But if you are serious about reducing your carbon footprint, you’re better off becoming vegetarian. At least you can still enjoy dairy and eggs, right? Unfortunately, the rearing of animals to produce these products results in environmental problems at least as severe as those associated with the production of many kinds of meat.
A comparison of the carbon footprint of a number of common foods, above, clearly shows that a kilo of cheese is over five times more carbon intensive than a kilo of chicken. Yikes! If you’re like me, you probably don’t want to hear this but – from the planet’s perspective – you should probably become vegan: no animal products at all.
In the interests of brevity, I have passed over a number of caveats and qualifications, including claims that some mixed, closed-system farms can obtain a high level of efficiency or that some grasslands are better suited to grazing than agriculture; however, due to their exceptional nature, objections such as these are unlikely to seriously challenge the arguments presented by the UN and others. If doubts remain about whether continuing to eat meat can be justified, you might consider the enormous inefficiencies and waste associated with its production, the abject conditions in which most farmed animals live and die, the issue of global food security, and the question of whether raising and killing animals because we happen to like the taste of their flesh is defensible at all.
We lack neither the quantity nor the quality of arguments – just the willingness to act on them. Are we bothered enough to do anything? Assuming we are bothered, and assuming also that we decide to take action by changing what we eat, then the remaining challenge is turning those good intentions into action. Psychologists obsess over it and whole books have been written about the problem of the ‘intention-behaviour gap’ – the ‘gap’ between intending to do something (e.g. to eat vegetarian) and implementing the action (actually eating vegetarian).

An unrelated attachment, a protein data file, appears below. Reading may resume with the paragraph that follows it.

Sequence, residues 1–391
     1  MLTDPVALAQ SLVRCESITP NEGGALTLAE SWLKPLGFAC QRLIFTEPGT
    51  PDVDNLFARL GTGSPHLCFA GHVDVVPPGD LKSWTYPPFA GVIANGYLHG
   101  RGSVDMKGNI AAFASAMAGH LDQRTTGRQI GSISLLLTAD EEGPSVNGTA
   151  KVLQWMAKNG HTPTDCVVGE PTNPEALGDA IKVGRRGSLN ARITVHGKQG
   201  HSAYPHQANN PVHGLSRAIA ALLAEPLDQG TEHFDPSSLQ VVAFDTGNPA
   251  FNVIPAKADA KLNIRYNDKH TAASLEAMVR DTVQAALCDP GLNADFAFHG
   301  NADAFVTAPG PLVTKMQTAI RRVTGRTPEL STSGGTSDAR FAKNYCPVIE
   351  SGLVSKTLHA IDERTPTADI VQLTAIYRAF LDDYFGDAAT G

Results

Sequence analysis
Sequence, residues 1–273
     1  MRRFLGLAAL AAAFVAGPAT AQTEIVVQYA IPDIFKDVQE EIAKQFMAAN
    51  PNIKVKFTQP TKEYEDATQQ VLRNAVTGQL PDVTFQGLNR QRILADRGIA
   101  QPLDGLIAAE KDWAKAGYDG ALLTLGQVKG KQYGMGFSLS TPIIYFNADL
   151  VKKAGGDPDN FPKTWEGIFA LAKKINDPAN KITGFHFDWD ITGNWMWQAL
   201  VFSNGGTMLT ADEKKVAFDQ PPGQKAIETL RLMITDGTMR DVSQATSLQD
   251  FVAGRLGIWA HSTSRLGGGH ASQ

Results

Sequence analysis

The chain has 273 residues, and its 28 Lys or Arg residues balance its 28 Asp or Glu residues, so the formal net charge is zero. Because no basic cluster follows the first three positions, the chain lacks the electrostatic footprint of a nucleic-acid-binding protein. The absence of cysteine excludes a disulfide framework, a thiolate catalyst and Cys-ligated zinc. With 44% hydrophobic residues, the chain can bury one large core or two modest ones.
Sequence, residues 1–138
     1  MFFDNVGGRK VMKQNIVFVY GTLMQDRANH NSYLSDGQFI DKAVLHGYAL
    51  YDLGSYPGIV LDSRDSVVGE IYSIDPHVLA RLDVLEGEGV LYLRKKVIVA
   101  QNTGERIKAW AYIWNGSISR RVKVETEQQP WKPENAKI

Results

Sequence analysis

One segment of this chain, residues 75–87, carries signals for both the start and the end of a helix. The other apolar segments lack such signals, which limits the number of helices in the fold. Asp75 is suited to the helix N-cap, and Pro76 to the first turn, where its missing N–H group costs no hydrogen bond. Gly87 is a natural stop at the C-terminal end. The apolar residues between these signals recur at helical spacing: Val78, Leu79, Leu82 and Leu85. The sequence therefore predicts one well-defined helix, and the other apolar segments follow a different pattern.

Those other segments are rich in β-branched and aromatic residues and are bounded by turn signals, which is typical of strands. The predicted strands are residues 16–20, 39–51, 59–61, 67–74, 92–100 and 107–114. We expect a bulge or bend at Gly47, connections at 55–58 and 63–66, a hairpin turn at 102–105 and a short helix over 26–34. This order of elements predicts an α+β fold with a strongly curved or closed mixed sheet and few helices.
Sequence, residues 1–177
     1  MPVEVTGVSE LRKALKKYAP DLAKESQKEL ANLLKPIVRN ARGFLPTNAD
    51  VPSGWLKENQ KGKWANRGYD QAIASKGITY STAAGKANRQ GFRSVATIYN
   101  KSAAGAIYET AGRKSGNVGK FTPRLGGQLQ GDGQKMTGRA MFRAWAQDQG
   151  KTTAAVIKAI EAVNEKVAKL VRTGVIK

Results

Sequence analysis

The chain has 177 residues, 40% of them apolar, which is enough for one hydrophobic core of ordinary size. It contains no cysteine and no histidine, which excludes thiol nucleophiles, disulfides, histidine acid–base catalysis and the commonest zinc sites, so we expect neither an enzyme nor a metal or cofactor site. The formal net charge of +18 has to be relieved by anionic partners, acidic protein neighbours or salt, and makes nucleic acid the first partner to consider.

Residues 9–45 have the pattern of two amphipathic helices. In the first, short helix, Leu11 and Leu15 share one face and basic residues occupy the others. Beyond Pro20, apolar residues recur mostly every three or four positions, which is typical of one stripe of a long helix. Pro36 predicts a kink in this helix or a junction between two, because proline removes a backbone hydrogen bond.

Yet, without getting too technical about the science of behaviour change, we can choose to focus on easily achievable goals, simple actions and choices that alter behaviour gradually through reinforcement. It doesn’t have to vegan or broke. Deciding on one meat- or dairy-free day a week or selecting a veggie option when next faced with a meal choice requires little planning and forethought. The important thing is to start.
I take little joy in the prospect of a meat and dairy free future. But I take even less joy entertaining the possible consequences for the planet and its inhabitants if we continue to emit greenhouse gases at current rates. Individual food choices might be personal and challenging them a politically sensitive ‘sacred cow’, but we cannot afford to continue to respect this taboo. Vegetarianism is a serious response to a serious environmental problem. Is this one cow we do need to send to the slaughter?